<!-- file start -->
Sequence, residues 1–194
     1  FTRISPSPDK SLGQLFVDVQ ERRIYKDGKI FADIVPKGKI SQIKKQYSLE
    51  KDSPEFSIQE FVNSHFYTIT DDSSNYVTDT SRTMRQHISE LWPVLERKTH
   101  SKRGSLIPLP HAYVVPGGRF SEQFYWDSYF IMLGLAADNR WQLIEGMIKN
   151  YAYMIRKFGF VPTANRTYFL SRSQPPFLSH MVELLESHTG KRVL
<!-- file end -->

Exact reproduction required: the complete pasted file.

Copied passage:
Sequence, residues 1–194
     1  FTRISPSPDK SLGQLFVDVQ ERRIYKDGKI FADIVPKGKI SQIKKQYSLE
    51  KDSPEFSIQE FVNSHFYTIT DDSSNYVTDT SRTMRQHISE LWPVLERKTH
   101  SKRGSLIPLP HAYVVPGGRF SEQFYWDSYF IMLGLAADNR WQLIEGMIKN
   151  YAYMIRKFGF VPTANRTYFL SRSQPPFLSH MVELLESHTG KRVL